There is an active core group at Anchor Run, which helps to operate the CSA and website, scheduling and interaction with the farmers. They have benefited from highly supportive township supervisors, state grants and advertising on PASANOFA and other farm sites. The Bucks County Foodshed Alliance is a local entity that offers much support for the area. Check out Anchor Run's website for some great ideas. They offer a newsletter, recipes, events and links to other farmers markets in the area.

Pennypack Farm CSA: Pennypack is unique in that it's both a farm and a non-profit education center employing Andy Andrews as the full-time Farm Director, Fred as the full-time Farm Manager, both with full benefits, and Margot Bradley as the center's half-time Program Coordinator, along with 2 seasonal farm workers. Initially called farm interns, the second year workers are elevated to 'farmer' status. Mid-season intern Jessica Gerani was there to answer any questions about her own experience.


Margot Bradley was one of the original founders of the farm in 1999. Now coordinating projects, writing grants and developing new programs for the non-profit center, she talked about its origins. In March of 2003 the land was basically barren. By May they had a CSA up and running and hired a farm manager, offering full benefits. Two years ago the farm was able to support a second full-time farmer with benefits, and local interns were brought in to help during the season. There is no available housing and they have never had unpaid internships. The center has as its core value a 'living wage', even though in the past this has sometimes been beyond their reach. Over 30 workshare members bring in the harvest on about 8 acres and help with distribution. All members have workshare duty at 4 hours/share or can buy them out at $60.
video

From their website:
'Pennypack Farm grew from the commitment of a handful of citizens who responded to a letter in a local newspaper (Ambler Gazette, April 2000) suggesting the formation of a community farm for the purpose of accessing fresh, local, organic produce and preserving land within our watershed. Initial dialogues among these committed citizens grew into a vision and a plan for action. The organization gradually took shape over the next two years, finally culminating in early 2003 with the formation of an 11-member Board of Directors, the signing of a lease for land to grow crops, the hiring of a farm manager and assistant, and receiving official charter as a 501(c)(3) educational non-profit corporation.'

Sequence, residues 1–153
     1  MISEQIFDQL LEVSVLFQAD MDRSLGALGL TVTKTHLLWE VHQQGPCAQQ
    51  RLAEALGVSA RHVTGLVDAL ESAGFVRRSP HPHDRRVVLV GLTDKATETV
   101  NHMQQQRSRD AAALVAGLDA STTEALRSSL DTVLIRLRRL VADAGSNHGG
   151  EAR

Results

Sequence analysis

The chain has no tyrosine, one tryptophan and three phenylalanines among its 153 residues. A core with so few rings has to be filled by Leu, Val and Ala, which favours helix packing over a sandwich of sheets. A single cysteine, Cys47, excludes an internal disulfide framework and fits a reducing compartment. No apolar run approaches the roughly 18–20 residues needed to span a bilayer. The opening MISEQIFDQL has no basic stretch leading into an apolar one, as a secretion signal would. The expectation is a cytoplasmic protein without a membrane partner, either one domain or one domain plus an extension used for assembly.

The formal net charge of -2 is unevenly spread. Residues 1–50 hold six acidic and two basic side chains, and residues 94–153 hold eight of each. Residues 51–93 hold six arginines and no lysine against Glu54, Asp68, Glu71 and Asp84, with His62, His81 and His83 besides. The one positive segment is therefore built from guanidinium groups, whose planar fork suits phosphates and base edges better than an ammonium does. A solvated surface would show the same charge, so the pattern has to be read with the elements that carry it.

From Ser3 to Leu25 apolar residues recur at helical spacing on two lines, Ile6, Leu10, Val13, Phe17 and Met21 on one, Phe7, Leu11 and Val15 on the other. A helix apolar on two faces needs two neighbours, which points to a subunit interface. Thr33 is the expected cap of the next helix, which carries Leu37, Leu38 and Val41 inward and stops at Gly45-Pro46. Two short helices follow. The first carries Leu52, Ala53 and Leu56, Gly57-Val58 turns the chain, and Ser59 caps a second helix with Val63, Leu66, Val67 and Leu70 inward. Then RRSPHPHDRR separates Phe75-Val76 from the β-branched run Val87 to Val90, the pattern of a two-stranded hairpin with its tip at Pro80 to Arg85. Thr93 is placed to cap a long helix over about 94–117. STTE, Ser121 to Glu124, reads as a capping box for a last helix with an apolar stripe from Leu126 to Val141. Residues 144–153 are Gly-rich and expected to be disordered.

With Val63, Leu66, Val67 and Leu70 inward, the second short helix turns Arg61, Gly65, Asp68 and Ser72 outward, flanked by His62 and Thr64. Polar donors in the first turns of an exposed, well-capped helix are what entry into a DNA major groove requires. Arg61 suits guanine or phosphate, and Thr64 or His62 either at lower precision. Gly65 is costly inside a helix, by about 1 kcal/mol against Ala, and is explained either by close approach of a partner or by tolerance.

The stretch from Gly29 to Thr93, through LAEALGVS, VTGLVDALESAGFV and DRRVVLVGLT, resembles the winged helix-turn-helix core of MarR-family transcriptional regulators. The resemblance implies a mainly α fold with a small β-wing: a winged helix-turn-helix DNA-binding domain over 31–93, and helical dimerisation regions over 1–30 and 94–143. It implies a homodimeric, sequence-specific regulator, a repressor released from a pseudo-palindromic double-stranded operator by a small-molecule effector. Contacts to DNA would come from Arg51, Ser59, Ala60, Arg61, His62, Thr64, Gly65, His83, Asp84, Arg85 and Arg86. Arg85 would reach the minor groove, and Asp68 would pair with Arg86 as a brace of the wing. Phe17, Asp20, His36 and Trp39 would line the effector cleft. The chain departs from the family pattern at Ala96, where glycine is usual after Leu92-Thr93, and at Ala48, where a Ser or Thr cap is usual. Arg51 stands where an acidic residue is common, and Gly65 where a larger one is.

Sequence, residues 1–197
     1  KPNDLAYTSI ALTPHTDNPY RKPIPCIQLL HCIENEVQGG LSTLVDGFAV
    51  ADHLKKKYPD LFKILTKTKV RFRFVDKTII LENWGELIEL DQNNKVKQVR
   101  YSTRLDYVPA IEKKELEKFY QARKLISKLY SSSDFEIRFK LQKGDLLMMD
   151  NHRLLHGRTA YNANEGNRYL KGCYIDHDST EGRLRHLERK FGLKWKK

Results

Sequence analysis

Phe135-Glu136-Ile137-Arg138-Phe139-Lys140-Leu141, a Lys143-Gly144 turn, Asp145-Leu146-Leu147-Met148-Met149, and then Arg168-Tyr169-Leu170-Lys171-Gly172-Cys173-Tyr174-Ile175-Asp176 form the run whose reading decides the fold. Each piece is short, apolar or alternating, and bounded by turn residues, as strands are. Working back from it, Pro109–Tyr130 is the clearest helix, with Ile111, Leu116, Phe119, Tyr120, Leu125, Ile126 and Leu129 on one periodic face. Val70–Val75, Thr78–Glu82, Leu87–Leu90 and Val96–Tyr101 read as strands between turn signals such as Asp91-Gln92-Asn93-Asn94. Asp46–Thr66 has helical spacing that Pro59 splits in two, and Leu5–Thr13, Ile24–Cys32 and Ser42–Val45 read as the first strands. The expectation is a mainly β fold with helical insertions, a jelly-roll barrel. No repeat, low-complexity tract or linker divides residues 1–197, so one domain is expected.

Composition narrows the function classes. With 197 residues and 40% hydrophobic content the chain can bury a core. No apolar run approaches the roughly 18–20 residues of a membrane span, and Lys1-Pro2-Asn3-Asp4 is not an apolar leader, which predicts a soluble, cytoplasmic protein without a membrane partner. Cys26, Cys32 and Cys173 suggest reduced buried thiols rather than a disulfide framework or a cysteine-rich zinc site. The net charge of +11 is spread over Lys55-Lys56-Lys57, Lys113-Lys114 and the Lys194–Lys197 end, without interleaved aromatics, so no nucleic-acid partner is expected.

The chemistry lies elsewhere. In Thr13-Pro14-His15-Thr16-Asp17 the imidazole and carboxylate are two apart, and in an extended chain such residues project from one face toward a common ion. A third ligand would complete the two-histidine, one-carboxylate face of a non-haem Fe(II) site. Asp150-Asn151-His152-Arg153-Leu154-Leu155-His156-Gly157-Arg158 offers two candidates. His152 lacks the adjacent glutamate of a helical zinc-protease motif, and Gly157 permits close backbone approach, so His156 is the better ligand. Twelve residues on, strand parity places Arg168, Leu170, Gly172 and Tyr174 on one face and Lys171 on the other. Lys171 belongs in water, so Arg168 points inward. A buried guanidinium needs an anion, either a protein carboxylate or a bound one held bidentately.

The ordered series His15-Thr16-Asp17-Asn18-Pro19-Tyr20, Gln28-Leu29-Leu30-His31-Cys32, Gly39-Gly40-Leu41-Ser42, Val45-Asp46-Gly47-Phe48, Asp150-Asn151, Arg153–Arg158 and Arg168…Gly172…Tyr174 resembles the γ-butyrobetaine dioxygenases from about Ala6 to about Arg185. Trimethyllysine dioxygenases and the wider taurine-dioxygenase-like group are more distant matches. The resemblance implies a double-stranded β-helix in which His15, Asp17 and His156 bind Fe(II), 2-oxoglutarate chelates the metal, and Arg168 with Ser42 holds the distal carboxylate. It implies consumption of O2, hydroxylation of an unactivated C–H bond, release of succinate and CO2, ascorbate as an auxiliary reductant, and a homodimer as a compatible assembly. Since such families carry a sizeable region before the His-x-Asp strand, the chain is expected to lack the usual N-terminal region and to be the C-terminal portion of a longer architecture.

Starting with 90 shares, the CSA increased to 100 the second year, and the share model was changed to units in 2006. Pennypack offers units in two different sizes; a large share equals 10 units/week at $675, the smaller share is 6 units/week at $450. The unit is approximately a bunch or 1 lb, members are trained to weigh the produce and a limit for units is set on whatever is not abundant at the time. There are sign-in and out sheets for workshare members, a long-time volunteer board member usually overseeing these time management tasks.

This year they hired a professional bookkeeper and plan to increase the share prices in 2010. Margot says they also plan to expand to having 14 acres in production over the next few years.
In addition to the CSA, Pennypack offers a Local Foods Market in their pickup building, open to members 3 days a week from 2:30pm to 7:30pm. Margot proudly showed off the two new coolers she'd picked up from a liquidation company located in Princeton, NJ - and they even deliver!

In 2009 Pennypack's farming program will operationally break even, not including equipment purchases. $70k is raised yearly from individuals and grants to support capital improvements and educational programming. The goal is to have a 3 month operational pad. 

The education center offers a low income summer camp and partners with the College Settlement of Philadelphia, their land-lease host who who has owned the 253 acres since 1973. The community landowners are a non-profit with their own board, offering the farm a one year revolving lease. Wonderful educational signs identifying farming techniques and methods are situated in front of crops and various garden beds; secured through a grant, they explain to both children and adults the benefits of sustainable farming, like no-till, beneficial insects and crop rotation.


Margot suggests that the Local Foods Market at the farm will begin generating more profits as it becomes more well known. Greeters work the register and network with the local community. There is an outreach volunteer and they are expanding events and potlucks, adding activities like cooking demonstrations, and family campfire evenings. Giving the public an opportunity to participate and help is an effective way to build membership and visibility in the community.